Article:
Age diversity for social cohesion

Creating public space that encourages social integration has never been more important. Here, Samuel Williams of planning specialists Arup, explains why child-friendly cities must adopt inter-generational design principles.

‘Designing cities for all’ is easy to say but if city planners are going to build a strong and enduring society in which everyone, young and old, can live full and active lives we need to be more explicit about who we are designing urban environments for.

Gil Penalosa’s charity 8-80 Cities works on the principle that ‘if a place is great for an eight-year-old and an 80-year-old, then it will be great for all people.’ This encompassing approach is captured in his statement, ‘We have to stop building cities as if everyone is 30 years-old and athletic.’

The ageing population is one of the defining changes of our time, and is a global reality. By 2050the population aged 60 or above will, for the first time, outnumber those aged 15 or under.

Increasingly cut off

However, changes in society have seen each age group increasingly cut off from each other. Families live further apart, distances and time pressures can make it difficult to travel, and lack of housing can intensify the problem. Many elderly live in old people’s homes which children rarely visit, while children spend more time in environments such as schools and day care, with only members of their own age group. Everyone loses out as a consequence.

Young people who grow up aware of people’s differences and abilities are more likely to be accepting of age differences and behaviours as adults, while isolation and loneliness are major problems for the elderly. We should support new opportunities to connect people of different ages.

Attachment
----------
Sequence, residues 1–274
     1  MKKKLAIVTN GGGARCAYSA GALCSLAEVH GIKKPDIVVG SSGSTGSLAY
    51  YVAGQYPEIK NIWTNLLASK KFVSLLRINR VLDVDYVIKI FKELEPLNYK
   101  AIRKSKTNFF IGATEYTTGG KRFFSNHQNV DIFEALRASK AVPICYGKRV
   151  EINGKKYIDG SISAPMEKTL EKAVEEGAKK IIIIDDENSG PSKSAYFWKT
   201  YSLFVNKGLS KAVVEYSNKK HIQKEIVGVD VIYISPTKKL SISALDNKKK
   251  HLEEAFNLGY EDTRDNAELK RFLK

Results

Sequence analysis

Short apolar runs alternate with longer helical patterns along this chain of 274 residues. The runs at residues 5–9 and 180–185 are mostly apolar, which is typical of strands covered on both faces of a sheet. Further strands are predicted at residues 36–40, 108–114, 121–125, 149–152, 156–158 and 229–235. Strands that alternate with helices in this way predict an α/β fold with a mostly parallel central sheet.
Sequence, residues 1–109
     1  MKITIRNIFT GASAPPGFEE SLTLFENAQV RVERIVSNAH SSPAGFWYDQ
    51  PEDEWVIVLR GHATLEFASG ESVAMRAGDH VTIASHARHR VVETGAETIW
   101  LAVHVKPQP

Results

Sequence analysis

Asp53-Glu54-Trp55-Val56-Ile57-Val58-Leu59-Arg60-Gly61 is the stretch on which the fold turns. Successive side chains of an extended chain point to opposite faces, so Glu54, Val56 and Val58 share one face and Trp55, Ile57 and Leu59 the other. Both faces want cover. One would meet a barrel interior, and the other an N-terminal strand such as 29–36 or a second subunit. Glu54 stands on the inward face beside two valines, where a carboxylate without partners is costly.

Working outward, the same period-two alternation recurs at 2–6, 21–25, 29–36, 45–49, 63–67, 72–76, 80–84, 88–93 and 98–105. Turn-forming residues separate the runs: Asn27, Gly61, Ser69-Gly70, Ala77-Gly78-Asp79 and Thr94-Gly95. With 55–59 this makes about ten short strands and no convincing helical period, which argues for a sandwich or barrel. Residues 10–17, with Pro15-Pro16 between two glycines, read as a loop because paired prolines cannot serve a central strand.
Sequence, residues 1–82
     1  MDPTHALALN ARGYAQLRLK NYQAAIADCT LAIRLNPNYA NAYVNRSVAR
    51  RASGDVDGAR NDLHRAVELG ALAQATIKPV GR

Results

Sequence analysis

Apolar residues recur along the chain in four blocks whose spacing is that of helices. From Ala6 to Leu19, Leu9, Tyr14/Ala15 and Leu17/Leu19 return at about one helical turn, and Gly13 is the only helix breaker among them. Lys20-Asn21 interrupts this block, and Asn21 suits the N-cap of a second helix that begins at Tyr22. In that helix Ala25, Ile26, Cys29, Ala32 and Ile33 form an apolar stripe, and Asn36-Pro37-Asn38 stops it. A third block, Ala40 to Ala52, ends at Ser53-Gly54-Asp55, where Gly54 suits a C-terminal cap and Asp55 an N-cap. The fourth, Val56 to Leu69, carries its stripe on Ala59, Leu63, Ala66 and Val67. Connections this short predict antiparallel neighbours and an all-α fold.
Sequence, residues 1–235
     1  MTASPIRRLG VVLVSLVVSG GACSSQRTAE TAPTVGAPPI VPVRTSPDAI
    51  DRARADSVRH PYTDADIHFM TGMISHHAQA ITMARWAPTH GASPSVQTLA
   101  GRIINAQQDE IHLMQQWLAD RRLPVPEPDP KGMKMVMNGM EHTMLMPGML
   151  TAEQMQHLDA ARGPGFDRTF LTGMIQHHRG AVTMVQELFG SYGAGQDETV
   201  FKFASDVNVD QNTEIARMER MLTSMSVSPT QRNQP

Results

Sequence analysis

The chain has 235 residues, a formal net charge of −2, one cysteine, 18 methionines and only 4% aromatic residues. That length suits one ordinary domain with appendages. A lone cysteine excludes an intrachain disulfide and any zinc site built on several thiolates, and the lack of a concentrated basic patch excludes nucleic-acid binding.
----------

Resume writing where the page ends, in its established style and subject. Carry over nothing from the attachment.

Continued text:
Interaction between age groups is vital to our collective sense of wellbeing. The young and old have much in common, and benefit a great deal from being in each other’s company. Sensory stimulation is vital to both, as are issues around mobility and walking. In other circumstances grandparents have to step back into the role of parents when the actual parents are not around. Without support this relationship can suffer under the strain of daily life and chores.

Green Space

Access to green space and nature is essential as it can host a wide number of activities which are key to tackling some of these issues. Physical activity, socialising and opportunities to share knowledge come together in activities such as gardening. Parks and gardens also help tackle urban heat, pollution and climate change, which affect the youngest and oldest most of all.

Examples that encourage integration include the TOY Project who support intergenerational learning, and prioritise activities outdoors and in nature. And in Nicaragua a project has engaged young and old in a number of ways to benefit the community, such as helping them set up a plant nursery. A kindergarten in an old people’s home has proved popular, as has a project offering students free accommodation in another; if elderly relatives are happy then their families are happy, so it spreads into society.

Creating public space that encourages healthy lifestyles and social integration has never been more important. And it is of even greater importance to those living in deprived conditions. The two ends of life are moving further apart; what ideas do you have for bringing them together?

Samuel Williams

this blog first appeared on Thoughts.Arup

Author: Samuel Williams

Sam Williams is part of the Integrated City Planning Team at Arup and one of the authors of Cities Alive: Designing for Urban Childhoods. Having developed the original idea for the project, Sam brought together a team of experts and practitioners to deliver this book which is now free to download from the Arup website. He can be found on twitter @play_future.

Add your comment

characters remaining.

Log in through one of the following social media partners to comment.